Author: Sarah Mlynowski
Published: April 27 2010, Delacorte Press
Genre: Contemporary fiction/Fantasy
Cover Score: A
Overall Grade: B
Devi's made a lot of mistakes in the past 3 1/2 years of high school: including ever falling for Bryan Sanderson. She let her grades drop, friendships fade, and now that Bryan broke up with her, she has nothing left. But after dropping her cell phone in the mall fountain, it only calls one number: her number, at age fourteen! Now Devi can manipulate her past to make for a better future--with Freshman Devi on her side, she can get into a better college, get back together with her friends, and forget all about Bryan. Freshman Devi likes Bryan--she's happy. But Senior Devi is her future: she has to be right, right?
My thoughts: I love, love, love Sarah Mlynowski's Magic in Manhattan series, so I was thrilled when I heard that she was writing a new book in the YA genre that sounded so funny and unique.
Unfortunately, I was a bit disappointed with Gimme A Call. The book had a very fun, interesting plot: Freshman Devi was fabulous! She was spunky, skeptical, and strong. I loved her relationship with Senior Devi--even though they were the same person, they totally had different personalities and views on the world. But Senior Devi annoyed me, frankly. She worked 14 year old Devi to pieces and was too bossy and lazy to get up and change her own future. It was a bit irritating reading about her screw-ups after a while. As well, the whole past-present Devi aspect was really confusing. I had to reread a lot to see how what little Devi did affected big Devi.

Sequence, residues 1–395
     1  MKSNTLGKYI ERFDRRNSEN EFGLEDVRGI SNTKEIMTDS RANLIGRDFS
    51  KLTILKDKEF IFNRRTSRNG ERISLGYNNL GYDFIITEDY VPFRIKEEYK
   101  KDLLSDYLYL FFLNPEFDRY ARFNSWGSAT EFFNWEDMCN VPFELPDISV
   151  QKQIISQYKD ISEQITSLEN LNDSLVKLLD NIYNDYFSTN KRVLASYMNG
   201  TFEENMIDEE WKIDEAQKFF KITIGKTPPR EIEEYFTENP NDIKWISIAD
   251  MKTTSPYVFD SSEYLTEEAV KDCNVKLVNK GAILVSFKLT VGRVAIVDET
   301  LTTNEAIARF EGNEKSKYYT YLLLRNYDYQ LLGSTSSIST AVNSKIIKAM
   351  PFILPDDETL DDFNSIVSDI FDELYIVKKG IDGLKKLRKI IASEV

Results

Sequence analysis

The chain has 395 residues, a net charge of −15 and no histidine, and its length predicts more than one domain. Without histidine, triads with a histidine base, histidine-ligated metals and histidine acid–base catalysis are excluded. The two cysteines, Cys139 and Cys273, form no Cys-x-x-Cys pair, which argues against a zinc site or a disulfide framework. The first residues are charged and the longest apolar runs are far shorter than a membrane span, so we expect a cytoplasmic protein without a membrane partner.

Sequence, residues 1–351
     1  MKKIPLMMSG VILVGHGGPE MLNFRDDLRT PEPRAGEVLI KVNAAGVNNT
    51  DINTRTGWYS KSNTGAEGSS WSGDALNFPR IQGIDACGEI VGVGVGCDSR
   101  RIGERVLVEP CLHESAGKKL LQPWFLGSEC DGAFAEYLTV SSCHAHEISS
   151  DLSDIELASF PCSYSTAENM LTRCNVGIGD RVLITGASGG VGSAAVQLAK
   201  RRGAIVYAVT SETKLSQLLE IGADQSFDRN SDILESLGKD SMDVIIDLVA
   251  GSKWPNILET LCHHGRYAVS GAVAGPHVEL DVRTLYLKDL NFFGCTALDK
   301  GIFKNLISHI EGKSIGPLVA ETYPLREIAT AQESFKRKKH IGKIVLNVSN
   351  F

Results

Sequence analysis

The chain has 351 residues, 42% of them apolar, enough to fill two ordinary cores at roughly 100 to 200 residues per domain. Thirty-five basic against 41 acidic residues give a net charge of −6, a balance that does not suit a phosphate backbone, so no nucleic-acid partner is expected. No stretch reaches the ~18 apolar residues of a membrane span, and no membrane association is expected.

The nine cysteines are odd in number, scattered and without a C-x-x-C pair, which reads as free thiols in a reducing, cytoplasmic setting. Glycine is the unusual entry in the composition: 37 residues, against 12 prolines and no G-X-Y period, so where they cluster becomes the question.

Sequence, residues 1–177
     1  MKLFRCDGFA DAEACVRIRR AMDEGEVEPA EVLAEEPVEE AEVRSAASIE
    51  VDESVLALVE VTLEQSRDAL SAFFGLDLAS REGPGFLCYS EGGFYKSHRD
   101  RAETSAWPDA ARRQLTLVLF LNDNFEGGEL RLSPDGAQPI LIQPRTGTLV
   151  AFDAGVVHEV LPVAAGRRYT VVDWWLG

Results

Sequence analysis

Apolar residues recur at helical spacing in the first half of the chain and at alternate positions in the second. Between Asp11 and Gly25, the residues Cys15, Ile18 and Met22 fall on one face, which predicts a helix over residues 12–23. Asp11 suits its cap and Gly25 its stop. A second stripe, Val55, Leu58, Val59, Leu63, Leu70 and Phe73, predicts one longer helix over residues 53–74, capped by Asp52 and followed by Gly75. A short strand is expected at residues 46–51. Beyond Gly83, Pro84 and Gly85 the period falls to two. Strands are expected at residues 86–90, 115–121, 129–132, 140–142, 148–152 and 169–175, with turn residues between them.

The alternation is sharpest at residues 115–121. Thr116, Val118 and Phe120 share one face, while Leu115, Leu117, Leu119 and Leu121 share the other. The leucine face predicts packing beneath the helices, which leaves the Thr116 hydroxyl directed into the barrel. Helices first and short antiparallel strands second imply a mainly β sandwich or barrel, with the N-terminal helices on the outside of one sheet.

The ending was confusing as well--I really think this book could've used one more chapter to even things out with a little more explanation. I was left hanging in a bit of a confused state.
However, I really liked the narration of this book: both Devi's were honest and humorous, and I loved seeing how freshman Devi could so radically change senior Devi's world. I couldn't put the book down--amidst the confusion, I really liked Devi and wanted to see what happened in the end! With a good underlying message, readers will be able to relate to and sympathize with Devi and her crazy world--but this isn't Sarah Mlynowski's best.
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